Pope: “May God heal our greed and ambition to prevail over others”

Pope: “May God heal our greed and ambition to prevail over others”

By Giacomo Galeazzi/ Vatican city

In the Mass of Corpus Christi celebrated at the Roman Basilica of St John Lateran, Francis invites faithful to reflect on the word "memory" because " amid so much frantic activity, many people and events seem to pass in a whirl". Before Mass Francis met with about twenty refugees of different nationalities.

"Amid so much frantic activity, many people and events seem to pass in a whirl" But the "Eucharist is the sacrament of unity" the Pope said at the Corpus Domini Mass, celebrated for the first time on Sunday instead of Thursday to avoid excessive disturbances to the city of Rome.

Before the Mass, the Pope met with a group of about twenty refugees of different nationalities together with Monsignor Enrico Feroci, director of the diocesan Caritas, for about half an hour in the palace of the Canonica, adjacent to the Lateran Basilica. In the hymn to the hundreds of thousands of faithful gathered in the square, Jorge Mario Bergoglio - who held in his hand the steel pastoral staff the Ilva workers of Genoa gave to him during his visit on May 27th - highlights that “the Eucharist is not a sacrament “for me”; it is the sacrament of the many, who form one body. Saint Paul reminded us of this: “Because there is one bread, we who are many are one body, for we all partake of the one bread”

Then, the Pope warns, “Whoever receives it cannot fail to be a builder of unity, because building unity has become part of his or her “spiritual DNA”. May this Bread of unity heal our ambition to lord it over others, to greedily hoard things for ourselves, to foment discord and criticism. May it awaken in us the joy of living in love, without rivalry, jealousy or mean-spirited gossip”.

Francis then reflects on today's solemnity which, he says, "reminds us that in our fragmented lives, the Lord comes to meet us with a loving “fragility”, which is the Eucharist". "In the Bread of Life, the Lord comes to us, making himself a humble meal that lovingly heals our memory, wounded by life’s frantic pace of life. The Eucharist is the memorial of God’s love. There, Christ’s sufferings are remembered and we recall God’s love for us, which gives us strength and support on our journey. "This is why the Eucharistic commemoration does us so much good: it is not an abstract, cold and superficial memory, but a living remembrance that comforts us with God’s love."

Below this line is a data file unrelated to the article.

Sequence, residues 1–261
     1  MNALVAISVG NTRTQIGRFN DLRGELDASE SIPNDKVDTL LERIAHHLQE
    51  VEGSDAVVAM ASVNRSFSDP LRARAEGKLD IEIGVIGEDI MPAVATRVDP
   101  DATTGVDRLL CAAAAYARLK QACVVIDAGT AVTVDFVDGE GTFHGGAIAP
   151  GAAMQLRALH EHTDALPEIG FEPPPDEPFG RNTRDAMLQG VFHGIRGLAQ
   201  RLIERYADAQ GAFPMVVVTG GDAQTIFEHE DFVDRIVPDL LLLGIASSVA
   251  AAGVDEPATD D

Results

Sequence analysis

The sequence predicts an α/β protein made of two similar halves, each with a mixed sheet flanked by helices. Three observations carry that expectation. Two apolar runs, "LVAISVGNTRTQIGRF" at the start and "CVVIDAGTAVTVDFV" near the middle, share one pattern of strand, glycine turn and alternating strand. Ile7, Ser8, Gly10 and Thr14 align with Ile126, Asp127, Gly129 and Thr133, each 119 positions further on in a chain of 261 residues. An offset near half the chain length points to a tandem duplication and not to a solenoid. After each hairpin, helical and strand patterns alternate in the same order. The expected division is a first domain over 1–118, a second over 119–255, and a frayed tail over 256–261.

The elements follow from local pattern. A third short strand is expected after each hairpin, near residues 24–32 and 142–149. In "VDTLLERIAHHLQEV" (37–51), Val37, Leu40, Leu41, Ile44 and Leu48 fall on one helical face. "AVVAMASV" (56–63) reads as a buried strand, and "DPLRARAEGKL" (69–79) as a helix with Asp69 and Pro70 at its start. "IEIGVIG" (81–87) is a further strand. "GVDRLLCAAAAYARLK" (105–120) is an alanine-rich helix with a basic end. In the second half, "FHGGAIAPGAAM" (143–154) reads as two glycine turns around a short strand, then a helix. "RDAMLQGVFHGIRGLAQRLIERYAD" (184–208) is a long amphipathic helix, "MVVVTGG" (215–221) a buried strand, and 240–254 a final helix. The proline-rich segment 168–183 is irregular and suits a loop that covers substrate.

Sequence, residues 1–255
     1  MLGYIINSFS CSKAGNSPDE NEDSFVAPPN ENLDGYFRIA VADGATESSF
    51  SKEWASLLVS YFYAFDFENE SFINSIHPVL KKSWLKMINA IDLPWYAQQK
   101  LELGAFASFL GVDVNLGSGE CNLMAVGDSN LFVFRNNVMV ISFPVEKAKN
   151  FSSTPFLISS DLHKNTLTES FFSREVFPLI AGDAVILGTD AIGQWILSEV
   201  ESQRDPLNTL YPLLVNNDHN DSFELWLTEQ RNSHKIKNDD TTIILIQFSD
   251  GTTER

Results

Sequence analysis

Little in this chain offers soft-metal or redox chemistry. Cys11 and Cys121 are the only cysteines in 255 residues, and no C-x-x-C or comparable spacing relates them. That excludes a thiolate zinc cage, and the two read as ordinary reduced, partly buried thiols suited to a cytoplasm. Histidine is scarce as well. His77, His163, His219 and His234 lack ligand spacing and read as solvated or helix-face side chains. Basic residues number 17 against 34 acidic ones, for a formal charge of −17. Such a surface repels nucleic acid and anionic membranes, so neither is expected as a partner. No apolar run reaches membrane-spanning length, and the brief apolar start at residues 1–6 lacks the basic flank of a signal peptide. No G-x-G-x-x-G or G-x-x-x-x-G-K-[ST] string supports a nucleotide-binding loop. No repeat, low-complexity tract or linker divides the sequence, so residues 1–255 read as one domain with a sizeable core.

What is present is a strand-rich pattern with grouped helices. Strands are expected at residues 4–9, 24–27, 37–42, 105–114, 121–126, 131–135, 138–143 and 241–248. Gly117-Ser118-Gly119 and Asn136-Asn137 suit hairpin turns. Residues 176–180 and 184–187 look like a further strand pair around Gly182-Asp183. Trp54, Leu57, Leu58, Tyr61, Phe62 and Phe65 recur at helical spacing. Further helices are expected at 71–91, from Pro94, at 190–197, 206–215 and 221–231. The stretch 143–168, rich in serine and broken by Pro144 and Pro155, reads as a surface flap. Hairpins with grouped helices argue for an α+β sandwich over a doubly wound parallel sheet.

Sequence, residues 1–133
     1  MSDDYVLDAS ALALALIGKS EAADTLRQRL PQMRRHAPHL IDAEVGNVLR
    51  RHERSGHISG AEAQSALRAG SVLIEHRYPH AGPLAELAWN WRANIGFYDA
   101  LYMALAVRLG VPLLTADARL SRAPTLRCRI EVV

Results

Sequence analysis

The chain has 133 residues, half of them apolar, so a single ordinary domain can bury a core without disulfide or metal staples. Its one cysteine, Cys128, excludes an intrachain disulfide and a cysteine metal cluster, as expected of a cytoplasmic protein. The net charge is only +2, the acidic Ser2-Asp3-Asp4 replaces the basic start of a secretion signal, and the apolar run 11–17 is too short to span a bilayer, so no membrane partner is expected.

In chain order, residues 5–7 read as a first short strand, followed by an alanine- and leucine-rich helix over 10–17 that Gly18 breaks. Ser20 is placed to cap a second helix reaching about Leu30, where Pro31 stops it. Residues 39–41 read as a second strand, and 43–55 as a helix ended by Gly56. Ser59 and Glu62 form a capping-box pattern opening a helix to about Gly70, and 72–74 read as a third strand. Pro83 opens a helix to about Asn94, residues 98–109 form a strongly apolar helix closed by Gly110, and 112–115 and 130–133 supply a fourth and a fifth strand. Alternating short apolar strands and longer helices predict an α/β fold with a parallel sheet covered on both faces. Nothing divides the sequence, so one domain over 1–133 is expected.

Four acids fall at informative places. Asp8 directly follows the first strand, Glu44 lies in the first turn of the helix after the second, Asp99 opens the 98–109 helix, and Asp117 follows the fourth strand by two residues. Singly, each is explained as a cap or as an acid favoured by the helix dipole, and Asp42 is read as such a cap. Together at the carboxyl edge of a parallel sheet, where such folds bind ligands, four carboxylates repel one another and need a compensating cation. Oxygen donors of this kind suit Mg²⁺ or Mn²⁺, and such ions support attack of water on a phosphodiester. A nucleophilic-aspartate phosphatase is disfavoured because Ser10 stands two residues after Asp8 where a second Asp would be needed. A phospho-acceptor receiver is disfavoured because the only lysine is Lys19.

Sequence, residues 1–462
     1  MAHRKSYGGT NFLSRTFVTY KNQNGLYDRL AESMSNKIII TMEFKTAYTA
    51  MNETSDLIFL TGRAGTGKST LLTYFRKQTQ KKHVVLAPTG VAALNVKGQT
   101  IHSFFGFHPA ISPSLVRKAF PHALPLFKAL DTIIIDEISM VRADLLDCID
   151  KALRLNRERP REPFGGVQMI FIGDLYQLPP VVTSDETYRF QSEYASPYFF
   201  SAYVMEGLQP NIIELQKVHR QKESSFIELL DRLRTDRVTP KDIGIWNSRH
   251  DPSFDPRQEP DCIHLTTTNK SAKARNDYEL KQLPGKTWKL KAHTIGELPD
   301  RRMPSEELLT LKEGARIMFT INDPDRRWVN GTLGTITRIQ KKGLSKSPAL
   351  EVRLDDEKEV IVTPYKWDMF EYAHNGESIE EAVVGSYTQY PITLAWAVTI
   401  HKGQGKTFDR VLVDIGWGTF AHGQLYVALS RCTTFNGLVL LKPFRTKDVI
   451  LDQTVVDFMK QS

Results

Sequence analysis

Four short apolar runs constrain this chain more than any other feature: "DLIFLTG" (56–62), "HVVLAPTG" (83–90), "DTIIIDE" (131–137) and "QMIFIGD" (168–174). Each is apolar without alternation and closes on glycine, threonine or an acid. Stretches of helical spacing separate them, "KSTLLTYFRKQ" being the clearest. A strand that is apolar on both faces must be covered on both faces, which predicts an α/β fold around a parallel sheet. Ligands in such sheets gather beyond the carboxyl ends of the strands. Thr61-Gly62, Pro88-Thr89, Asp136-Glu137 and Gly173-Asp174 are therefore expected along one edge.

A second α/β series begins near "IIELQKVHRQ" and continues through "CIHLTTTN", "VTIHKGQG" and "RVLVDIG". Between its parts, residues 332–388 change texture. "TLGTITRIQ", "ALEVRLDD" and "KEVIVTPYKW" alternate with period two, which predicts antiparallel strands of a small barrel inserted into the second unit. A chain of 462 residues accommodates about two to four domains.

The Eucharist, he continues, is flavoured with Jesus’ words and deeds, the taste of his Passion, the fragrance of his Spirit. When we receive it, our hearts are overcome with the certainty of Jesus’ love. In saying this, I think in particular of you boys and girls, who recently received First Holy Communion, and are here today in great numbers. " Thus, the Eucharist " gives us a grateful memory, because it makes us see that we are the Father’s children, whom he loves and nourishes. It gives us a free memory, because Jesus’ love and forgiveness heal the wounds of the past, soothe our remembrance of wrongs experienced and inflicted. It gives us a patient memory, because amid all our troubles we know that the Spirit of Jesus remains in us."

In addition, Pope Francis emphasizes, "The Eucharist encourages us: even on the roughest road, we are not alone; the Lord does not forget us and whenever we turn to him, he restores us with his love." The Eucharist, also "reminds us that we are not isolated individuals, but one body. As the people in the desert gathered the manna that fell from heaven and shared it in their families, so Jesus, the Bread come down from Heaven, calls us together to receive him and to share him with one another”.

During the solemnity of Corpus Christi, the theme of memory came back several times: " The “living bread, coming down from heaven” is the sacrament of memory, reminding us, in a real and tangible way, of the story of God’s love for us." Today, to each of us, the word of God says, Remember! Remembrance of the Lord’s deeds guided and strengthened his people’s journey through the desert; remembering all that the Lord has done for us is the foundation of our own personal history of salvation”.

“Remembrance is essential for faith, as water is for a plant. A plant without water cannot stay alive and bear fruit. Nor can faith, unless it drinks deeply of the memory of all that the Lord has done for us”. Remember. Memory is important, because it allows us to dwell in love, to be mindful, never forgetting who it is who loves us and whom we are called to love in return. Yet nowadays, this singular ability that the Lord has given us is considerably weakened. Amid so much frantic activity, many people and events seem to pass in a whirl.” Thus, the Pontiff observes, "We quickly turn the page, looking for novelty while unable to retain memories. Leaving our memories behind and living only for the moment, we risk remaining ever on the surface of things, constantly in flux, without going deeper, without the broader vision that reminds us who we are and where we are going. In this way, our life grows fragmented, and dulled within".

Now, Pope Francis concludes, "in experiencing this Eucharist, let us adore and thank the Lord for this greatest of gifts: the living memorial of his love, that makes us one body and leads us to unity". At the end of the Mass, the Eucharistic procession took place, passing through via Merulana it ended at the basilica of Santa Maria Maggiore with the Pope’s solemn blessing of the most Blessed Sacrament.

Mon, 06/19/2017 - 11:44
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